The characteristics and advantages of the invention will appear better from the description to follow, given by way of a non limiting example, with reference to the appended drawing in which:
FIG. 1 is a schematic view of an example of implementation of the invention in the form of a logging tool suspended in a well;
FIG. 2 is a diagrammatic illustration of a detailed part of the invention;
FIG. 3 is a sketch illustrating the nuclear radiation emitted by the ancillary source;
FIG. 4 shows in a greater scale, the ancillary source disposed between the two detectors;
FIG. 5 is a graphical representation of a typical gamma ray non coincident spectrum from natural radioactive earth formations;
FIG. 6 is an example of a coincidence spectrum obtained from one detector; and
FIG. 7 and FIG. 8 are diagrams showing the relationship between the output of one detector and the corresponding channels or counts, respectively corresponding to the stabilizing step and to the offset correcting step.
Referring to FIG. 1, a logging sonde 10 is shown suspended by an armored cable 12 in a borehole 14 surrounded by earth formations 16. A depth measuring device 13, disposed close to the surface, is associated in the usual manner to the cable 12 and to a surface recorder 11. The cable 12 includes, between the output of the sonde 10 and the surface recorder 11, a first link 12A, a second link 12B and a third link 12C. The nuclear measurements carried out in the sonde, as a function of depth, are transmitted along the cable 12 towards the surface recorder 11, successively via surface cable link 12A, a receiver 15, and a spectrum memory/plotter 17. Said memory/plotter 17 is connected to said recorder 11 via a line I corresponding to coincident spectra and a line II corresponding to non coincident spectra. The second link 12B is connected to line I at the output of the spectrum memory/plotter 17, and includes successively, a gain control unit 19, a modulator 21 and a high voltage control unit 23. The third link 12C is connected to said line I and comprises an offset control unit 25. It is meant here by "memory/plotter" a device designed to count and record (or memorize) counts so as to establish the corresponding energy spectrum.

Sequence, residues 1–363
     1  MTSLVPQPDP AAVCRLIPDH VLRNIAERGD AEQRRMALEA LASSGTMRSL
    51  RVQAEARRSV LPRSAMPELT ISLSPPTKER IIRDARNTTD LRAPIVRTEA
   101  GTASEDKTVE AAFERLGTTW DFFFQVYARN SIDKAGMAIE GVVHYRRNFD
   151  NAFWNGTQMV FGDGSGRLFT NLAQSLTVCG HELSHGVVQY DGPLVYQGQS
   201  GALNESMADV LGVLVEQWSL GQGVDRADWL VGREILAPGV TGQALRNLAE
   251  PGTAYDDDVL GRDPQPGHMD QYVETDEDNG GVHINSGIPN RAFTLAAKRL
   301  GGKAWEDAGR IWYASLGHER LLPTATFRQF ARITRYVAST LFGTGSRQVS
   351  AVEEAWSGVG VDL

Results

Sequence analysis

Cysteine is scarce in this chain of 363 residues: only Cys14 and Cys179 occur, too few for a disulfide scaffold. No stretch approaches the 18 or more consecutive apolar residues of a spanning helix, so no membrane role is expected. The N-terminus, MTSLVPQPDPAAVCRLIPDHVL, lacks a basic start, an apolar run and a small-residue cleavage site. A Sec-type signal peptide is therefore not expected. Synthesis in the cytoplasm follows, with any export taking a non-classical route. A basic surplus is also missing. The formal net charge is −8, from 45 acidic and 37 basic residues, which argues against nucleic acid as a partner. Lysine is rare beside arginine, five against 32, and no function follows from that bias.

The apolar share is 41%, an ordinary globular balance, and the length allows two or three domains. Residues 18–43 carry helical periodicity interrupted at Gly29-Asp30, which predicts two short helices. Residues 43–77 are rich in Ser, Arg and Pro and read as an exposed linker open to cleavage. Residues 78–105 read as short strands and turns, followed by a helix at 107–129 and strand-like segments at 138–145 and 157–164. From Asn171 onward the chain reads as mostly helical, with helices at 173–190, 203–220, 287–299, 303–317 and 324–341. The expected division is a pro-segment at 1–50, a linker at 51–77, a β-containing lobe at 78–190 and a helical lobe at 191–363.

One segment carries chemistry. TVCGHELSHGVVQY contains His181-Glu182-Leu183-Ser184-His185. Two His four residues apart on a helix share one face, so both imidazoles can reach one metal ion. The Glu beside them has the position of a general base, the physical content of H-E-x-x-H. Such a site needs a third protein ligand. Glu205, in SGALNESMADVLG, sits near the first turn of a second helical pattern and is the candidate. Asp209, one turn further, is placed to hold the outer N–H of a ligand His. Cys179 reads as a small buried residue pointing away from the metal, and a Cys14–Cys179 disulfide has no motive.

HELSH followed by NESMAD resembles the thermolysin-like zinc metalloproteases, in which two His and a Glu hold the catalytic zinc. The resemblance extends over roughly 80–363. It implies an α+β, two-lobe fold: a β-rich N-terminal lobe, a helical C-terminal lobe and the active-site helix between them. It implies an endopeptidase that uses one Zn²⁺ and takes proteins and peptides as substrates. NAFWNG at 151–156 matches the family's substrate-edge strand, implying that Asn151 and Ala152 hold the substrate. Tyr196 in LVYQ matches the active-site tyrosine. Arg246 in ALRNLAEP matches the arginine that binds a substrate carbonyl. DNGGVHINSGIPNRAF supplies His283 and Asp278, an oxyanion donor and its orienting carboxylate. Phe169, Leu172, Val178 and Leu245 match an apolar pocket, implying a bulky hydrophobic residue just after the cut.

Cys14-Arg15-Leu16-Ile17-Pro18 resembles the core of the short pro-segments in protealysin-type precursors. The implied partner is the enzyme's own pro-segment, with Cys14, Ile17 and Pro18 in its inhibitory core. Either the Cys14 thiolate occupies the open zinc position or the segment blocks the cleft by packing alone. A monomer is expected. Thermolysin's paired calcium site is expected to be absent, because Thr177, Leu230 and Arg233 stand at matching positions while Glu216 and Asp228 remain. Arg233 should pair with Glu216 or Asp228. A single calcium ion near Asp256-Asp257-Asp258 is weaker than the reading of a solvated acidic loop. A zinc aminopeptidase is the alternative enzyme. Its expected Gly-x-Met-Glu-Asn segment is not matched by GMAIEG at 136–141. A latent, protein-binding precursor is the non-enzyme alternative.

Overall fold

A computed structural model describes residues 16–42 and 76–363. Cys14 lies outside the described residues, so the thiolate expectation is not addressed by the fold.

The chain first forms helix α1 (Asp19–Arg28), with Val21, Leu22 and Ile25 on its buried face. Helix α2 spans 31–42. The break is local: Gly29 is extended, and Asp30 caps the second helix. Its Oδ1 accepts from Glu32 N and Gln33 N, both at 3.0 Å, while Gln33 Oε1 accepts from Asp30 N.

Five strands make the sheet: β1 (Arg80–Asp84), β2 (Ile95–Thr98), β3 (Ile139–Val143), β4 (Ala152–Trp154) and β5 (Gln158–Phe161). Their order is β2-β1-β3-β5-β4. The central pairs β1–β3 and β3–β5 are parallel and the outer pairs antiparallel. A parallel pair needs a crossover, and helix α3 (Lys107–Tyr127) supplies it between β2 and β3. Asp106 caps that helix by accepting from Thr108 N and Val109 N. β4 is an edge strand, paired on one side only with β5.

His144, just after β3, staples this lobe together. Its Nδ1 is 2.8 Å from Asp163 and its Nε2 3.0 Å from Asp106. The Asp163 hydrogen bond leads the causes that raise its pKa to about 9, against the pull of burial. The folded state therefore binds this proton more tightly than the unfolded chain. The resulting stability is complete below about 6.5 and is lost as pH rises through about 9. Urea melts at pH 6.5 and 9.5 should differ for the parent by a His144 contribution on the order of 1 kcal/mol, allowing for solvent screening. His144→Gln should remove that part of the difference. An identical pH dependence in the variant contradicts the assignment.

Within the sonde are provided downhole devices, including a first nuclear detector 100 associated to a first photomultiplier 101, which output feeds a first pulse height analyzer 102 linked to a transmitter 22 allowing transmission of data through cable 12. The downhole devices, inside the sonde 10, also comprise a second nuclear detector 200 associated to a second photomultiplier 201 feeding a second pulse height analyzer 202 itself also linked to the transmitter 22. The outputs of the respective photomultipliers 101, 201 are connected to a coincidence circuit 20, itself linked to additional inputs respectively provided in the first and second pulse height analyzers 102, 202.
Between the detectors 100 and 200 is disposed an ancillary nuclear source 30, in this case, a 22 Na source.